Indeed, being documented or undocumented is part of the same continuum. A thoroughly undocumented person, when placed in removal proceedings, can seek cancellation of removal under stringent criteria pursuant to INA §240A(b), such as by being physically present in the U.S. on a continuous basis for not less than 10 years, by demonstrating good moral character during this period, by not being convicted of certain offenses and by demonstrating “exceptional and extremely unusual hardship to the alien’s spouse, parent, or child,” who is a citizen or a permanent resident. Similarly, the undocumented person can also apply for asylum within one year of his or her arrival in the US, and can do so even later, if exceptional or extraordinary circumstances are demonstrated. Conversely, a documented person, such as one in H-1B status can according to the government also technically be considered not in status, during the pendency of an extension request, although this position has been successfully challenged.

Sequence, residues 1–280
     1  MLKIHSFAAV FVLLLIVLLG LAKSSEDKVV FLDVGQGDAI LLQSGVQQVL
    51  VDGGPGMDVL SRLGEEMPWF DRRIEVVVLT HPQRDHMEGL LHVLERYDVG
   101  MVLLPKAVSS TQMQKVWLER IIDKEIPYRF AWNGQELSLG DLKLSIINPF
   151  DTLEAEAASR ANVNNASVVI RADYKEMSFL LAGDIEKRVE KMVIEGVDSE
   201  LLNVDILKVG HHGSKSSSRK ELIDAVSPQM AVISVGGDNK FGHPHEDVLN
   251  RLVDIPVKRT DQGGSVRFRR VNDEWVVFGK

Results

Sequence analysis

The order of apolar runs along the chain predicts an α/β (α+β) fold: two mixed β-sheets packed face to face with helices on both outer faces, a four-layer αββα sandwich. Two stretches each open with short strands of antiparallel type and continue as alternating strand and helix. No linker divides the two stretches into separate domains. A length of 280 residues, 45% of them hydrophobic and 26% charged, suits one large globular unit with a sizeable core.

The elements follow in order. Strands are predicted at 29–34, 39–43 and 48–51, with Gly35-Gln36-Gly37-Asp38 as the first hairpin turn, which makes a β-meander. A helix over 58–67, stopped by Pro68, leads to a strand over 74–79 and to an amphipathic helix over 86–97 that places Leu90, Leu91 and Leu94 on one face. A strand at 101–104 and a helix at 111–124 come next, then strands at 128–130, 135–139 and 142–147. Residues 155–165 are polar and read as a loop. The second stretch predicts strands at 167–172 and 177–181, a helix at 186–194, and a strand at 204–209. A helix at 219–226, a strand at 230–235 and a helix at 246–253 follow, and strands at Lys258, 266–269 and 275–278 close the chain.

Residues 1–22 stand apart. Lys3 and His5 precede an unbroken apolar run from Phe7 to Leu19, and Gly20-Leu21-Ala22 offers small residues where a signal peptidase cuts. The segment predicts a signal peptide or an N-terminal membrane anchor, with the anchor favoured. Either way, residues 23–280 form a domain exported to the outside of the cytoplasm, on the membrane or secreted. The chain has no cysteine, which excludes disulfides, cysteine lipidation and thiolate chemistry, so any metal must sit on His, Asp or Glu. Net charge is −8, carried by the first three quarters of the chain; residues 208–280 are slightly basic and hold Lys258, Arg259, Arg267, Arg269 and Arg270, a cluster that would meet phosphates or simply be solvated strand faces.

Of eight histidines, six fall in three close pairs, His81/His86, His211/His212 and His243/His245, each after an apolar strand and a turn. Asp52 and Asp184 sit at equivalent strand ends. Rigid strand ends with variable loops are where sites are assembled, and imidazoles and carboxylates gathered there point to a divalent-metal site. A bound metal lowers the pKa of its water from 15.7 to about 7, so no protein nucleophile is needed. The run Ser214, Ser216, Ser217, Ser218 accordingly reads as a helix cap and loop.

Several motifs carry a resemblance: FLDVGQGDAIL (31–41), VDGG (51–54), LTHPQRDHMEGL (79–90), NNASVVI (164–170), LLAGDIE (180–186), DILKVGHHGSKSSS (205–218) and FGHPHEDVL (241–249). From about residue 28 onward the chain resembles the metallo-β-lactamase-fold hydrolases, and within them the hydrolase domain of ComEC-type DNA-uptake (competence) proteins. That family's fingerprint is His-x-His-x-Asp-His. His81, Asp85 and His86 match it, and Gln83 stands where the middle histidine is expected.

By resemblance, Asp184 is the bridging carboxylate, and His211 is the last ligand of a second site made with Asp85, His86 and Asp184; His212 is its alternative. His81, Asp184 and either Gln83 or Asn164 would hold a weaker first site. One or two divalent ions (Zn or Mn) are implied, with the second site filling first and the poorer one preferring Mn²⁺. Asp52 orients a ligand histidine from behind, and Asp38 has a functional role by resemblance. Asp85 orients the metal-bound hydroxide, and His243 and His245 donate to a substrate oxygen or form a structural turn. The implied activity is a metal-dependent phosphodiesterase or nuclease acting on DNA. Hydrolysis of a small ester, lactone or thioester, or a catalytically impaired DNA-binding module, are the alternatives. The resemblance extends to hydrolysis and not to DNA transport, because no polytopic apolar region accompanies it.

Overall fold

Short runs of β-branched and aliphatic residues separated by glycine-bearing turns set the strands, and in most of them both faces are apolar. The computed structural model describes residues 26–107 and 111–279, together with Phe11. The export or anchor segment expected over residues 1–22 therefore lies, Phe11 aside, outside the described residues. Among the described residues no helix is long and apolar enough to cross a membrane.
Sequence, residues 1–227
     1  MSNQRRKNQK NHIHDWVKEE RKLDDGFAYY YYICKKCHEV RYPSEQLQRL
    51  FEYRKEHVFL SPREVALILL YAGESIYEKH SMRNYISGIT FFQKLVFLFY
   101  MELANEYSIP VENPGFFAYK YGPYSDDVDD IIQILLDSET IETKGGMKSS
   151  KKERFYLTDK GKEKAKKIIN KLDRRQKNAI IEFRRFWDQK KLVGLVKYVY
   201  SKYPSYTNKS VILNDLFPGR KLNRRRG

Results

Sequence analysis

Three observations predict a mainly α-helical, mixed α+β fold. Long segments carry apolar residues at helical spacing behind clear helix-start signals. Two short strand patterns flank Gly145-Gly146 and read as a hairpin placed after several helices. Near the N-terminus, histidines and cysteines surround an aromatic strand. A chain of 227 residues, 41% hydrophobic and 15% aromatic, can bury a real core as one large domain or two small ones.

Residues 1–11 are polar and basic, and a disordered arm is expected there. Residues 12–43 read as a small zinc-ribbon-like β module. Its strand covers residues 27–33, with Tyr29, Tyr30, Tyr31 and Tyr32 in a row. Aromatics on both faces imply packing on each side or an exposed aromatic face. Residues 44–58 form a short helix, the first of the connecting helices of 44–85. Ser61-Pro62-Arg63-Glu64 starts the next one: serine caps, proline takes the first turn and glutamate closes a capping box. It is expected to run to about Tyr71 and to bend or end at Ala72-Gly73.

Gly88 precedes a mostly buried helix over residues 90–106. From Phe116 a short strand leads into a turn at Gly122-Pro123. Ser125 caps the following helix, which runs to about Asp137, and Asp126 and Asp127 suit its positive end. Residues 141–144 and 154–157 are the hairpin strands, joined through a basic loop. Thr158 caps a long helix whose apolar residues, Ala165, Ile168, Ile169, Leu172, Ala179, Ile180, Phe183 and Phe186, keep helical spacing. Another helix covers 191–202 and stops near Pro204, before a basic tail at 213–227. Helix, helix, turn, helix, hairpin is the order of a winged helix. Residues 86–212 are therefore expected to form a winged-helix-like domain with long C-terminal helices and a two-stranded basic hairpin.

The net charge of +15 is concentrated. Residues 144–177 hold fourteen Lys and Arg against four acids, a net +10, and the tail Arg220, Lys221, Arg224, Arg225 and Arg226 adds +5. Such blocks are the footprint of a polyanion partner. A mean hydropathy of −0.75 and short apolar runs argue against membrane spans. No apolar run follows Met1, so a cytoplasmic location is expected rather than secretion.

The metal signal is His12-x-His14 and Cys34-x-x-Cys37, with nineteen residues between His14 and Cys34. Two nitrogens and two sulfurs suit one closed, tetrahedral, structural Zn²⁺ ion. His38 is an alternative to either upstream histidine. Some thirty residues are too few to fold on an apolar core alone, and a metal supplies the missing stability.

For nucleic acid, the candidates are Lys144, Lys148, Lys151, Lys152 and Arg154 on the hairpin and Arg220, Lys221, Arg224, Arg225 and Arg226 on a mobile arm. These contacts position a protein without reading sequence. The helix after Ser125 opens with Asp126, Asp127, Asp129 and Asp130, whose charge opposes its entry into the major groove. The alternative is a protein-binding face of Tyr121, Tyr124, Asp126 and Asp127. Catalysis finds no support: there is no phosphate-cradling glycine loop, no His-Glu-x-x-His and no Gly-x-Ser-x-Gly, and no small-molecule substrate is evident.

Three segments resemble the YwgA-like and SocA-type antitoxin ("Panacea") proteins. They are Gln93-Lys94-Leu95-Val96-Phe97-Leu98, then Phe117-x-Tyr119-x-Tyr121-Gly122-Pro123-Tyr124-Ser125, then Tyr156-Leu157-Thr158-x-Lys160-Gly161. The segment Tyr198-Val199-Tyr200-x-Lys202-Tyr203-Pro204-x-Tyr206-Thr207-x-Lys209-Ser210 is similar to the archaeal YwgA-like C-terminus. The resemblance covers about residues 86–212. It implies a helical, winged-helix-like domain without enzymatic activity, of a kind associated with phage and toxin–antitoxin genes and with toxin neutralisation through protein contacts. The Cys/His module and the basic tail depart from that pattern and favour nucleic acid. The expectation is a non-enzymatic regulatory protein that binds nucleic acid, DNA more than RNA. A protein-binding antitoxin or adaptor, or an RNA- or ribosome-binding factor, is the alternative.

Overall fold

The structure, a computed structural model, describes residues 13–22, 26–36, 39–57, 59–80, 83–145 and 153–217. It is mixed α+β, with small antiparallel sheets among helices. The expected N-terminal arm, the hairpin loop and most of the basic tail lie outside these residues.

Such a person whose visa has long since expired could also possibly get wrapped up in a romantic encounter with a U.S. citizen, marry, and dramatically convert from undocumented to permanent resident within a few months. At times, Congress bestows such permanent residency, as we have already seen, through section 245(i) or the LIFE Act, or a person can obtain Temporary Protected Status (TPS), if a calamity were to befall his or her country such as the recent TPS program and its extension for Haitians after the devastating earthquake on January 12, 2010. Millions of undocumented immigrants, including children, who have fallen out of status or entered without any status, are waiting for Congress to pass legislation that could legalize their status. Immigration lawyers also advocate on their behalf, and help them draft petitions and accompany them to the offices of elected representatives.
The following extract from the U.S. Supreme Court’s decision in Plyer v. Doe, 457 U.S. 202 (1982), which held that undocumented children could not be deprived of a public education, is worth noting:
To be sure, like all persons who have entered the United States unlawfully, these children are subject to deportation. But there is no assurance that a child subject to deportation will ever be deported. An illegal entrant might be granted federal permission to continue to reside in the country, or even become a citizen.